"The way to love anything is to realize it might be lost." –G. K. Chesterton (1874-1936), English writer known in his day as "The Prince of Paradox." Writers have a unique way of rising like a phoenix from the ashes, turning the devastating loss of a loved one into intimate accounts of overcoming grief. The stories that result comfort and inspire their readers.
Last week, we asked the community to blog about the one loss—an object, a person, a dream—that was hardest to bear. We were rewarded with dozens of stories of terrible loss and, ultimately, growth and lessons learned. From losing a Peter Rabbit book in the first grade to a friend lost to alcohol and drugs, Red Roomers showed how the meaning of a loss goes beyond the value of the thing itself.
Two posts stood in out in particular:
- Losing her three children in a bitter custody battle was member Merle J. Huerta's worst loss. She takes us to the hellish turmoil and back into hope in her post "Permissions."
- Twenty years since losing her grandmother, author Malena Lott relates in "A Thousand Deaths" how the memory of her life and death proved "that love, despite the pain, is worth it."
These bloggers will receive books by Red Room authors. Abigail Carter's The Alchemy of Loss: A Young Widow's Transformation is an inspirational and comforting memoir by who lost her husband in a moment - the 9/11 attacks - watched by the world. Susan "SARK" Kennedy's newest inspirer, Glad No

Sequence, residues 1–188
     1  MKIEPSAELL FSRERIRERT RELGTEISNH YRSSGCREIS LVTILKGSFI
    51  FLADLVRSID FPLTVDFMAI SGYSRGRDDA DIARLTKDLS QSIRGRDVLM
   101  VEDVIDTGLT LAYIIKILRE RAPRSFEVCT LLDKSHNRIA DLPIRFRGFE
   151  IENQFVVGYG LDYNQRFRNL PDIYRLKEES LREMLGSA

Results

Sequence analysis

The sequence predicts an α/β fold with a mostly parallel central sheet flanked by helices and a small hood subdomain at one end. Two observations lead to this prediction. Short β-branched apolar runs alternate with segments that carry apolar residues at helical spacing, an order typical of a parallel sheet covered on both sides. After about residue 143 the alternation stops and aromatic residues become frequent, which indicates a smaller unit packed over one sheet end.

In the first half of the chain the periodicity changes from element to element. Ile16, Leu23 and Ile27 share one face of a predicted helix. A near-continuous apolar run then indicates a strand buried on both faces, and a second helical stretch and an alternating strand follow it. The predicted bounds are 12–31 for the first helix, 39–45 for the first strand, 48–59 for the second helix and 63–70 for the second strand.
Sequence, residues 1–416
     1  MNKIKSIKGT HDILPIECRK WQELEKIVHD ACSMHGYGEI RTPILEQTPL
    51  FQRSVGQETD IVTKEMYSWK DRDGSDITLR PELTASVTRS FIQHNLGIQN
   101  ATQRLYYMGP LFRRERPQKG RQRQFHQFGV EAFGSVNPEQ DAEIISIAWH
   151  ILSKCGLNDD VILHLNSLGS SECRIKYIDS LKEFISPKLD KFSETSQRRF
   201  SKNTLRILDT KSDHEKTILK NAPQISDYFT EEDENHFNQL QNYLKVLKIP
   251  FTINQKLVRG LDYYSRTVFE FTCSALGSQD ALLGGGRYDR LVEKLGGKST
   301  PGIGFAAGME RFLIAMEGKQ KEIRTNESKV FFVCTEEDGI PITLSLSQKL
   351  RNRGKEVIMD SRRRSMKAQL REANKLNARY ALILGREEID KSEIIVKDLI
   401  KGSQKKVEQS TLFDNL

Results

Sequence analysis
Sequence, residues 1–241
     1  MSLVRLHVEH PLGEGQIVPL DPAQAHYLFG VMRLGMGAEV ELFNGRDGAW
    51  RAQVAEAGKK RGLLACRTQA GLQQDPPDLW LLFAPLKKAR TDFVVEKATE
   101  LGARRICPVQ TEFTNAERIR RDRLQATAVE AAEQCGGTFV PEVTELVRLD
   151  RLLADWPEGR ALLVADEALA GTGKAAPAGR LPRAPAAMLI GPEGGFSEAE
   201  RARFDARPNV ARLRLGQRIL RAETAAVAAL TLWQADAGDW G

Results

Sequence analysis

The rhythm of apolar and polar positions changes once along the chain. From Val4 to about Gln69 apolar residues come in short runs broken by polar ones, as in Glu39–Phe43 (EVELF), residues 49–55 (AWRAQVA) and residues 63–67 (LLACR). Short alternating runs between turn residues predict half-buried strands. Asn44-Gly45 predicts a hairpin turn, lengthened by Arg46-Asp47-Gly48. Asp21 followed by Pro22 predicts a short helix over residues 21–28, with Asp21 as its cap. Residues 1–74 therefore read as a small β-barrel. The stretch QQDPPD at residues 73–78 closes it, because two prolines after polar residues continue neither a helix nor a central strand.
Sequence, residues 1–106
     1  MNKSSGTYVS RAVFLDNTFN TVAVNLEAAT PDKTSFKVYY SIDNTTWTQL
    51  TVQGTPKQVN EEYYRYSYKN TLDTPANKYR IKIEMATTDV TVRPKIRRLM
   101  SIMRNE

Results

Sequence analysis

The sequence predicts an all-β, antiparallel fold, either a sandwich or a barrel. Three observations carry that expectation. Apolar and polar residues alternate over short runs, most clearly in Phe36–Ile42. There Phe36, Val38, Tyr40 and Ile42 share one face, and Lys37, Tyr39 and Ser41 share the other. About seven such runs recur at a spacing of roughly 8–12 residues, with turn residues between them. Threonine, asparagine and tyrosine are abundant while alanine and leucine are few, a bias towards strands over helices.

Matter What: Transforming Loss and Change Into Gift and Opportunity. Much more than a simplistic search for the silver lining in storm clouds, SARK's approach is a map, guidebook, and step-by-step strategy for profound, positive transformation through, rather than despite, life's inevitable travails.
All the loss blog posts are listed here. I hope you'll read many of them, and leave comments on your favorites, just click on the "Send To A Friend" link at the bottom of the page to share it by email. Red Room's past blog topics are listed here; we welcome suggestions for more. Thanks as always for blogging!
–Huntington W. Sharp, Senior Editor, Red Room